This lower rate of growth of goods and services must still be shared amongst all workers and retirees. Who gets what out of the economic pie depends on who has which rights - which claims on incomes streams in any form, either assets, public pensions, or wages. Under a public pension system workers give up some of their rights to wages by paying taxes which would go directly to the pensions of the retired. Under a private superannuation system, workers give up some of the rights to wages to buy assets, which would be sold by retirees who had previously accumulated them, in order to provide a retirement income. The net effect of both of these schemes, shown below, is identical.

Whereas with public pensions it is clear that more retirees in the population requires larger contributions by workers to support them, the superannuation system disguises this element. It does this through incremental changes to the minimum contribution requirement - from 4% of wages in 1992 to soon 12%, along with increases in the preservation age, from 55 as of this year, to 60 in 2024. This means that new contributors to the super system pay more and get less - exactly as would occur under a public pension system when increasing pension funds come from direct transfers from the workforce.

What’s more, the net effect of superannuation as a mere transfer between workers and retirees will become all too obvious when the ever-growing rate of new money pouring into the asset classes held in superannuation accounts begins to fall as the rate of superannuation drawdowns grows faster than the rate of new contributions. In the chart below the benefit payments in green will increase faster than the contributions (the red, blue and purple) as boomers begin to retire en masse.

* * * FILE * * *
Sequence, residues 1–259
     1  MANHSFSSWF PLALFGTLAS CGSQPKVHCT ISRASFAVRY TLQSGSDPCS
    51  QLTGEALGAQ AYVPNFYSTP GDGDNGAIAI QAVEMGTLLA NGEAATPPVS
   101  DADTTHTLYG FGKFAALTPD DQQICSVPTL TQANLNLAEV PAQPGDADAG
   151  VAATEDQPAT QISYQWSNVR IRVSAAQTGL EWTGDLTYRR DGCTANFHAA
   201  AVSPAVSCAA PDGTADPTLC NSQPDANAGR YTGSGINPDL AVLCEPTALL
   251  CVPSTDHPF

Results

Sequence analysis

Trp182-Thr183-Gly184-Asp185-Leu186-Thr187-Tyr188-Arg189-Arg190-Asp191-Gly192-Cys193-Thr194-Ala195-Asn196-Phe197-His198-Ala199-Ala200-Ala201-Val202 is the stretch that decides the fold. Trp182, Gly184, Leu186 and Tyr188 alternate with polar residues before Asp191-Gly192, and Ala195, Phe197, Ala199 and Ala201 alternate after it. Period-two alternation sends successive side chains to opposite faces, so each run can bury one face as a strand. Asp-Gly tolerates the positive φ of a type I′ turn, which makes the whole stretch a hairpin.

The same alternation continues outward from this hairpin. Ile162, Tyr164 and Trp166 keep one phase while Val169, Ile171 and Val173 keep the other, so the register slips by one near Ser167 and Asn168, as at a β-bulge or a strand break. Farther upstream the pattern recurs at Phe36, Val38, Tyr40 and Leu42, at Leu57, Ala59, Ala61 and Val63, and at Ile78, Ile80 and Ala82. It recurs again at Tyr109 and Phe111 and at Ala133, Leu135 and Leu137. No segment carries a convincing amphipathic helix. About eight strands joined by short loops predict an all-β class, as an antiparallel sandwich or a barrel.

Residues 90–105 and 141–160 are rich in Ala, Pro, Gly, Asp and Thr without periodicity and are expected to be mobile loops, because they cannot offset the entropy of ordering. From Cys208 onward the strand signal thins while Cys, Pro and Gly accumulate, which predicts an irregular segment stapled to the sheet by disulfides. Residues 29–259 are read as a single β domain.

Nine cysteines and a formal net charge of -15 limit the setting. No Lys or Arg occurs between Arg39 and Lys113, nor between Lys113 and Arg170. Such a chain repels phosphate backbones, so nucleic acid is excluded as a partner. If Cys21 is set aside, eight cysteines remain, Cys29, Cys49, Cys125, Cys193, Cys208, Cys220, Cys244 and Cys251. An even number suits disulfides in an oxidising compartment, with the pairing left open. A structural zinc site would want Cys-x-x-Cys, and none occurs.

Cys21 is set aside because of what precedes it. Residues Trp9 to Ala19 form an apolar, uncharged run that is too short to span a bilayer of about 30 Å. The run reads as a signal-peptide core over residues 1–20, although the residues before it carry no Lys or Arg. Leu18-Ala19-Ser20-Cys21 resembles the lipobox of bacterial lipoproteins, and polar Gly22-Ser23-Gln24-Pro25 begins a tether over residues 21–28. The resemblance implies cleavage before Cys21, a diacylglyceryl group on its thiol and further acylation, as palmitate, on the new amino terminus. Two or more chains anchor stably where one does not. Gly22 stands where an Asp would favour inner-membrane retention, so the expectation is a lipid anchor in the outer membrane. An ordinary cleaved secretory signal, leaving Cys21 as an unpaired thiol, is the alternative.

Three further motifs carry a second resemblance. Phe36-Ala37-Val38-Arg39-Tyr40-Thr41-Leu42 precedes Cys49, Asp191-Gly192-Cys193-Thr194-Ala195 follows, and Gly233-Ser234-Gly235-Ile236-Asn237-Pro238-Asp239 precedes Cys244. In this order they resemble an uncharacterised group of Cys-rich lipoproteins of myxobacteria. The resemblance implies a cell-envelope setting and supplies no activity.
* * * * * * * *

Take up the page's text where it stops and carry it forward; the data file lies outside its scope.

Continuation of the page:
When this occurs, the asset classes that dominate the super system, like Australian shares, will see fewer buyers and more sellers, depressing currently inflated prices and reducing the investment income of superannuation account holders. With lower account balances more funding will be needed from public pensions anyway. To be clear about this asset price effect, does anyone think the share market, or even the property market, would be at its current value without the massive inflow of funds from the compulsory super system?

Depressed incomes from super accounts will again see the need to increase contributions, or increase public pension funding, or otherwise rejig the rules to inflate asset prices at the expense of wages.